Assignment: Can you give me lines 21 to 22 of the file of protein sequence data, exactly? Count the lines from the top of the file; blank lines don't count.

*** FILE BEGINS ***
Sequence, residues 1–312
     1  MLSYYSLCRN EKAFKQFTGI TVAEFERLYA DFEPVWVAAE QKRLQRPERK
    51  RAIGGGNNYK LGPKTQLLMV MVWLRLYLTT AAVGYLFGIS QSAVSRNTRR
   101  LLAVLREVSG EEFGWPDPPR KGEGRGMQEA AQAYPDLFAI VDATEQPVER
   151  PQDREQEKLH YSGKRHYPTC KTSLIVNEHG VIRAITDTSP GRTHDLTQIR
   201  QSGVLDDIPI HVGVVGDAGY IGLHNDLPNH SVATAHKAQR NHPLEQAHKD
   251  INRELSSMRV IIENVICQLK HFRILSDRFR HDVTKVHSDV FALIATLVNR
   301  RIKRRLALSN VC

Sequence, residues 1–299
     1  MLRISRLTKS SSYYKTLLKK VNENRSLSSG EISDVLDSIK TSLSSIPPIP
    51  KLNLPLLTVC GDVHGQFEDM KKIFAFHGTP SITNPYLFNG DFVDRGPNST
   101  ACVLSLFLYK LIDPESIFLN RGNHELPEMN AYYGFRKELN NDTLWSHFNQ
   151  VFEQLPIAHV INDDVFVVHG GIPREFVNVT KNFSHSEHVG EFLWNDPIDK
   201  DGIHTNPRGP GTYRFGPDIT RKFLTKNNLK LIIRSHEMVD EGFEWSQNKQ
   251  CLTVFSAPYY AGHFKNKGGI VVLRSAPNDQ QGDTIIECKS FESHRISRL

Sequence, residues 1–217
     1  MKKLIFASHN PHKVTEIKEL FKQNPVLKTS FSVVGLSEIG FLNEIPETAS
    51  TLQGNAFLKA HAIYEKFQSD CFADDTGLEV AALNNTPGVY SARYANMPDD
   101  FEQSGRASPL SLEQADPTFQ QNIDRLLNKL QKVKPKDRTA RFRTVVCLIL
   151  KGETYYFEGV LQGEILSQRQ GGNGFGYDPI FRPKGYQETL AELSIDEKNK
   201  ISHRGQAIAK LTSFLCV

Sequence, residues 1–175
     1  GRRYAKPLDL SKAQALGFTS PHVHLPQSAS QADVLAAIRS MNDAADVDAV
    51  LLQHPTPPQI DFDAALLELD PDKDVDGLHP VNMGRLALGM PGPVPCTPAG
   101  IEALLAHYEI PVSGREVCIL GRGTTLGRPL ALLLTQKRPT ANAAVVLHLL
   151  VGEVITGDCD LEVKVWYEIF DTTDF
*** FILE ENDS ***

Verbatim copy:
   201  ISHRGQAIAK LTSFLCV

Sequence, residues 1–175